Hi, i was diagnosed with stage 3C TNBC on May 24th, 2019. I am 36 years old, no children. I did my first chemo on June 3rd, my schedule is every 3 weeks. I would suggest you drink plenty water during your treatment. Especially before and after Chemo. That helped me with the side effects, for me it was little to none. I am trusting God with this, i know he will carry us through. Be strong.😊
That is interesting - I have heard of the ROSCO trial - I won't be eligible for it but may be for some others I guess. Well done you for doing it. Years ago I worked bank shifts (I was a nurse) for a company that did the phase three trials for drugs including what became an antibiotic that could treat MRSA - it was really interesting. Keep well and good luck with your treatment as it progresses. xx
I was told about the ROSCO trial by my oncolgist and invited to take part. The hope is that in the future HER2 positive or negative bc which medics feel are best treated with chemo prior to surgery may only require 4 rounds of better targeted chemo instead of the current 3 rounds of FEC followed by 3 rounds of TC. Had I been given TC prior to surgery that may have both shrunk the tumour and destroyed all the cancer cells and I would have had just 2 rounds of TC after surgery. That was the only risk with this trial that I may receive 2 more rounds than normal, but in the interest of science I was willing to help. I've seen that you're in the August group so I'll probably be dropping in from time to time. I know our Feb group appreciate people popping in with tips and advice. xx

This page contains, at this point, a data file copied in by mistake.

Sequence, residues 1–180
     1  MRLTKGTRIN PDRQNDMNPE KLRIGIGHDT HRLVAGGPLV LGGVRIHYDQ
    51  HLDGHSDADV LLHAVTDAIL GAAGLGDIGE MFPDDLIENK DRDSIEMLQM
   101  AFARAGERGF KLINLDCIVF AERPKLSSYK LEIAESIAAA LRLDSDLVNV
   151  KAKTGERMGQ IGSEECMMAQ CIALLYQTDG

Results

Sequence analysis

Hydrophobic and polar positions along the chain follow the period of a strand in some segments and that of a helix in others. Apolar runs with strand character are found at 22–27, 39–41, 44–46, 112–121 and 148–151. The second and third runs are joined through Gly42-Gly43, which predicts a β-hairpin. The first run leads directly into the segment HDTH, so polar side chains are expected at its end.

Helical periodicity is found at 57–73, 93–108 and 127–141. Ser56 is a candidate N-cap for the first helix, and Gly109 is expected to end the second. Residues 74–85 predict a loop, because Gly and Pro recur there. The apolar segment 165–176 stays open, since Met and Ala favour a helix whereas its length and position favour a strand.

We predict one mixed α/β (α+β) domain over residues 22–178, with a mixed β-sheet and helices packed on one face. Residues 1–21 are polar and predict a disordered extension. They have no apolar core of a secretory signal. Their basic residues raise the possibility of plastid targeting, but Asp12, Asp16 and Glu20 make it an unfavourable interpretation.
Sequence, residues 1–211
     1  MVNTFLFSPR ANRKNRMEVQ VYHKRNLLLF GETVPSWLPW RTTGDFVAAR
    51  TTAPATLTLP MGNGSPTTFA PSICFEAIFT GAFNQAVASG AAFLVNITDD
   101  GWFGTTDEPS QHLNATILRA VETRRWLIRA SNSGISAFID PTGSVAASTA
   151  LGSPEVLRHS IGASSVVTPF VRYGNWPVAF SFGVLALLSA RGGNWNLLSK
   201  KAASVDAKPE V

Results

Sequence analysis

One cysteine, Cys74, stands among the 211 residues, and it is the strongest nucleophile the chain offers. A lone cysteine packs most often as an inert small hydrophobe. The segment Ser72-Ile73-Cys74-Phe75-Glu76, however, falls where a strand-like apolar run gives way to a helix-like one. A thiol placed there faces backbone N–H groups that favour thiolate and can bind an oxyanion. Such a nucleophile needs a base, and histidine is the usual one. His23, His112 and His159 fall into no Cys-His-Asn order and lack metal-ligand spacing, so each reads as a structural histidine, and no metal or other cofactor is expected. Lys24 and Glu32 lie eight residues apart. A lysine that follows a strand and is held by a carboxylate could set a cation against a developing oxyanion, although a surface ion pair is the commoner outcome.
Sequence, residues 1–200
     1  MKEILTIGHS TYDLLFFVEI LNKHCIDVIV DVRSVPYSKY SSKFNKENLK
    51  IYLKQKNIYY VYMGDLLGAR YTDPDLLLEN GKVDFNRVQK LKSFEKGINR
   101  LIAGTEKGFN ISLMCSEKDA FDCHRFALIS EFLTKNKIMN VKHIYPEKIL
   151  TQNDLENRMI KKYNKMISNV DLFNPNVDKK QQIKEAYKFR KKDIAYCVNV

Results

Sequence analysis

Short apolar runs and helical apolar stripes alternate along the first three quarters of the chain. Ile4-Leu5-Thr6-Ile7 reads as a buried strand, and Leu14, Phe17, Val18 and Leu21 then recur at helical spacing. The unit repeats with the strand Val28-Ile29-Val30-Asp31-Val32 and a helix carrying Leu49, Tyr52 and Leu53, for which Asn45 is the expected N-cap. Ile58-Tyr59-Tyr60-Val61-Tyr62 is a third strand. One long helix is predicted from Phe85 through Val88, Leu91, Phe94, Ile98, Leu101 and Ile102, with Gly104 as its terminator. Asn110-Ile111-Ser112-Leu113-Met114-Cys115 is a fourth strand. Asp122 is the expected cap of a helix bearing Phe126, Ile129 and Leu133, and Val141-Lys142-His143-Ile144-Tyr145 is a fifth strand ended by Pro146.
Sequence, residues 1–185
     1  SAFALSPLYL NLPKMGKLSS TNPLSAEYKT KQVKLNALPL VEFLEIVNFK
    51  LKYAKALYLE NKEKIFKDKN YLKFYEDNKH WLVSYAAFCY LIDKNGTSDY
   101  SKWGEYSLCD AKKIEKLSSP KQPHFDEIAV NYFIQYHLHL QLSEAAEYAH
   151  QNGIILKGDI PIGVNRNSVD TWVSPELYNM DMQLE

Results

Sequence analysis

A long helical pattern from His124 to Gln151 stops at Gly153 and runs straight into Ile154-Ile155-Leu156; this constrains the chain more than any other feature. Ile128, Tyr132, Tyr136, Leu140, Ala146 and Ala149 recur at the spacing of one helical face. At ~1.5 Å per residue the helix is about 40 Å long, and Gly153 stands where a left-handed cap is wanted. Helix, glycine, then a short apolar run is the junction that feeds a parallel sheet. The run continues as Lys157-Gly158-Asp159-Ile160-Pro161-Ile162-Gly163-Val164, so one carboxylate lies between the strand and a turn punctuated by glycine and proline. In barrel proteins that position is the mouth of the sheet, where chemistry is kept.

Its interesting about the trial - was it your suggestion or was it discussed with you at oncology? Glad you seem to be doing well although have had a long treatment period. Our diagnosis is not what we would want but the support on here has made me realise it is totally beatable. I hope that your treatment continues well and that the last lot of cells are eradicated. xx
Slightly worried about all the comments I see about craving carbs - I really need to watch my weight through this as I am on the chubby side at the best of times!! When my husbands grandson had leukaemia at the age of 3 he constantly craved chips so I know it happens (he is fine now although still eats well). Yes keeping positive is key - made easier by the support on this forum. Many years ago when my mum had dementia I was a member of a forum on the AS website - it helped and supported me through some very challenging times when I felt very alone. The fact that people are out there feeling exactly like you do is, in a way, comforting whilst you would not wish this on anyone. Its a strange thing that you start out on this road alone but then meet fellow travellers that make it easier. Keep well xx